In Western culture people sometimes tend to think of contentment as a synonym for complacency, as an erosion of self-improvement and motivation. Ambition becomes a vehicle through which we reach the final destination of our goals and dreams. After the goal is attained contentment naturally arises and provides a sense of feeling complete.
Or so it is reasoned.
Chasing contentment can be taken to extremes. To get a view of these two extremes, we can note the meeting between Alexander the Great and the philosopher Diogenes. Alexander said if Diogenes asked him for anything — just anything in the world…
In a previous post I briefly explored Robert Jones’ White Too Long, a book that examines the deep cultural roots of white supremacy in American Christianity. The white evangelical’s invitation to have “a personal relationship with Jesus” focused on individual salvation while blurring the institutional background that supports and perpetuates racism. The rest of the book tackles a broad range of topics, such as Confederate monuments and symbols inside and outside the church, white Christian terrorism, and the different scriptural interpretations in both black and white Christian communities. In each chapter the author gives a few personal anecdotes about his…
Whether you are a recent American graduate looking for work or an American frustrated with the high cost of living in America, you should consider working overseas. I have done it myself, and, speaking from experience, I highly recommend it for certain people. While there are pros and cons to every step we take in life, I would like to focus on the benefits of working overseas.
If you are tired of living paycheck to paycheck in America, then you should consider working overseas. Some surveys estimate over 70% of Americans live paycheck to paycheck. During the COVID-19 pandemic that…
When browsing the library I like to start with the new books in front of the counter. Lo and behold there was Robert Jones’ White Too Long, an over two hundred page evaluation of the legacy of white supremacy in American Christianity. I licked my lips, checked it out, and prepared myself for what should prove to be an uncomfortable read for many white evangelical Christians in the South if they ever even bother to pick it up. The author is the founder of PRRI (the Public Religion Research Institute), which “explores and illuminates America’s changing cultural, religious, and political…
Across America remote workers are being lured away from the nation’s largest metropolitan cities. Some cities have been doing this for well over a year now, seeking to stop the increasing yearly exodus of its educated population, whereas others have started doing this as a result of COVID-19 and a need to inject their communities with more cash. As more and more workers go digital, will they choose to make their home elsewhere? While we consider this question, let’s consider three places looking for remote workers.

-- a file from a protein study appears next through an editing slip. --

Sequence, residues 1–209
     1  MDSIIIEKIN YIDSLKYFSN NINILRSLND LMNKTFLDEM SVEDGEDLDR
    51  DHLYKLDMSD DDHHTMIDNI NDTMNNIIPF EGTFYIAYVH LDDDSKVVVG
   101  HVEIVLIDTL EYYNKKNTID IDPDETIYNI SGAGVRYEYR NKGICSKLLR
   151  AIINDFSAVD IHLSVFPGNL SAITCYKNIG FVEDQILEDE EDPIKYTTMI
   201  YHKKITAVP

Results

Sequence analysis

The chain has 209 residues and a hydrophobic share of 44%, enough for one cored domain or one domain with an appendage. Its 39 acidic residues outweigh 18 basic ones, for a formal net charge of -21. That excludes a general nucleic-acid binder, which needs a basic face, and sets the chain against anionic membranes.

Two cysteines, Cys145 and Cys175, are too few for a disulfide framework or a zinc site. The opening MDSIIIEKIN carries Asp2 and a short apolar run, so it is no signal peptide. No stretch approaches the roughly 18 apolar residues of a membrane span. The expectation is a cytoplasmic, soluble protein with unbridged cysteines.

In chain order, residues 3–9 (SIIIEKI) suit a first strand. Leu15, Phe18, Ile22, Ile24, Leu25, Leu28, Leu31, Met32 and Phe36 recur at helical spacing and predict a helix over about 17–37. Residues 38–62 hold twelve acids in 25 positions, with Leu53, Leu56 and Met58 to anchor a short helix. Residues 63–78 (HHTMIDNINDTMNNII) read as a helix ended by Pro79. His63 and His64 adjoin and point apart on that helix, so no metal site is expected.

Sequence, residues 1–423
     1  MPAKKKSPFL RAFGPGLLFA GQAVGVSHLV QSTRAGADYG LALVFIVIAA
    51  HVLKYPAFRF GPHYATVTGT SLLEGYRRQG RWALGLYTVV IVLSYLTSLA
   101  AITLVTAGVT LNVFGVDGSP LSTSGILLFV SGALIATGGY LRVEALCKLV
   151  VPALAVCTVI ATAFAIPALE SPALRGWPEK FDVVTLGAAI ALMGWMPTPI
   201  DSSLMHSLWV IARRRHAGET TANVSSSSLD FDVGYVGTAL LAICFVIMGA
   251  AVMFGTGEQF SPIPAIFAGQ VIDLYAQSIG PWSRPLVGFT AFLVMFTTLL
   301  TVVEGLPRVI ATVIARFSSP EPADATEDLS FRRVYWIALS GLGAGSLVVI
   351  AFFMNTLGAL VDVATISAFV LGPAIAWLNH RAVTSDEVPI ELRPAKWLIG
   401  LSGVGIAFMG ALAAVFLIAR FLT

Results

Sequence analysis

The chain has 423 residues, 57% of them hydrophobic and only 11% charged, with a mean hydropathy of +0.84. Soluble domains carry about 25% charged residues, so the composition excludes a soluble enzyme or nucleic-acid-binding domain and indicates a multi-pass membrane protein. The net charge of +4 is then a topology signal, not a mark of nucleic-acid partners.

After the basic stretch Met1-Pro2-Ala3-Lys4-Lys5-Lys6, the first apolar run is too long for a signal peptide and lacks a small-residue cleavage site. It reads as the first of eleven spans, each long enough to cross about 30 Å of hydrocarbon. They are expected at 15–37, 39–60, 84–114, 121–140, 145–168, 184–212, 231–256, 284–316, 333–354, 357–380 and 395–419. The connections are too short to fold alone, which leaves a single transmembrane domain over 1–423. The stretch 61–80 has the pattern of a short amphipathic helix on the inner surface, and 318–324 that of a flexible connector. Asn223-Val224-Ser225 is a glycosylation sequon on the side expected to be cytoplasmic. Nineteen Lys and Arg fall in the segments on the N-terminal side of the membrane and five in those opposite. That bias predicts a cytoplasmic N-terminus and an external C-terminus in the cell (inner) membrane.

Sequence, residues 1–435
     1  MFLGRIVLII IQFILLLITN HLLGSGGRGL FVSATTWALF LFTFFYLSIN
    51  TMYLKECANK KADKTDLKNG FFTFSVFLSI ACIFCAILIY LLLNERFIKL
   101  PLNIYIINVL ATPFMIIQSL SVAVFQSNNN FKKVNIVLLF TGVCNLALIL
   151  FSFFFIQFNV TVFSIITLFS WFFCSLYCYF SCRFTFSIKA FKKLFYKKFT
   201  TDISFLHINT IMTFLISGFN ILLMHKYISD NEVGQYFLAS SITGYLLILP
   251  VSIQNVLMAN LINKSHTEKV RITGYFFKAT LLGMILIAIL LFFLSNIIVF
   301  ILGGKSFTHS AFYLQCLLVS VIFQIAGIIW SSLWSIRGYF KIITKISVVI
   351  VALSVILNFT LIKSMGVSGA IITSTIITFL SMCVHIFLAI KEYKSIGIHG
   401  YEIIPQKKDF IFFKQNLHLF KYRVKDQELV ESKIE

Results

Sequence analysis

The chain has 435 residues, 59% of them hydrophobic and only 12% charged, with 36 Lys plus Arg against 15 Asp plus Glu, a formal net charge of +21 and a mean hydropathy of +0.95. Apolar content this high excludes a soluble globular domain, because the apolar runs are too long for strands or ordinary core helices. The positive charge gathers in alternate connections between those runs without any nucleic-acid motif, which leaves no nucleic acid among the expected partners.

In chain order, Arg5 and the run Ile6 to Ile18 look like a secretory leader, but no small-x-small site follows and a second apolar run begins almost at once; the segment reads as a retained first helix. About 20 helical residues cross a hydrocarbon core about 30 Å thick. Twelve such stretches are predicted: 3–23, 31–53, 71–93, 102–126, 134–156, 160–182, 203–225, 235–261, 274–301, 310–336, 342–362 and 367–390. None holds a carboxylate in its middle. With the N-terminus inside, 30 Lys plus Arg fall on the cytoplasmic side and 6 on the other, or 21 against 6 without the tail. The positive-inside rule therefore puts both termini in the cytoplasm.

Initially started in 2018 before the pandemic, Tulsa Remote offers $10,000 over a period…
Similar to how we may take continental drift for granted, we may take little acts of kindness for granted too since these movements through space and time are so subtle and small. Worst of all we may become incognizant of their existence even though they are happening all around us. It is important to take notice of them, for they are seeds of kindness planted into the soil of our being. Why neglect these seeds? After the years go by, our inner landscape could potentially become a nourishing garden for others and ourselves.
“How do you treat women?”
“You treat them well, don’t you?”
“You don’t require women to cover their faces, do you?”
“You don’t beat women, do you?”
Maybe you have heard questions like these before when getting to know someone for the first time because you are a Muslim or are in some way associated with Islam. Maybe you have heard them from a first date. Maybe you have heard them from a colleague. Maybe you will hear them in the future. The common assumption behind variations of these questions is this: Islam treats women poorly, so anything associated with…
“We are traversing darkness, where is the Khidr of the Path?
If not be here, the fire of deprivation will our worth destroy.”
Every would-be apprentice must find her mentor. Some are temporary mentors and others are lifelong mentors; some mentors are encountered face-to-face and others are encountered intangibly through books; some mentors should be avoided at all costs and other mentors should be sought out fervently. Not only are mentors strictly for recent college graduates or current students, but they are mines of wisdom for learners of all ages.
Rumi is known as one of the top best-selling poets in America and Britain. This seems paradoxical in America where Muslims are viewed in a much more negative light than other religious groups, especially by Evangelicals.¹ He lived and died a Muslim during the Middle Ages and quotes or alludes to over five hundred verses of the Qur’an in his masterpiece — the Masnavi.² He remains unmistakably Muslim, yet this phenomenon — the ability to garner so much interest in his poetry within an atmosphere that often remains suspicious and sometimes downright hostile to anything associated with Islam — is…
let’s play cactus buffalo
her long hair the breeze sighs in; her plump lips the sunlight holds onto
all things ask for her to grow
little warriors are creeping low,
eyeing their target — her faceless doll draped in navy blue
let’s play cactus buffalo
the shooters release their arrows
and the ringleader sings songs of the legendary deeds of the Sioux
all things ask for him to grow
after a direct hit, he transforms into a raging buffalo
the little warriors he runs off to pursue
let’s play cactus buffalo
“cactus buffalo is for boys only,” they say, “so…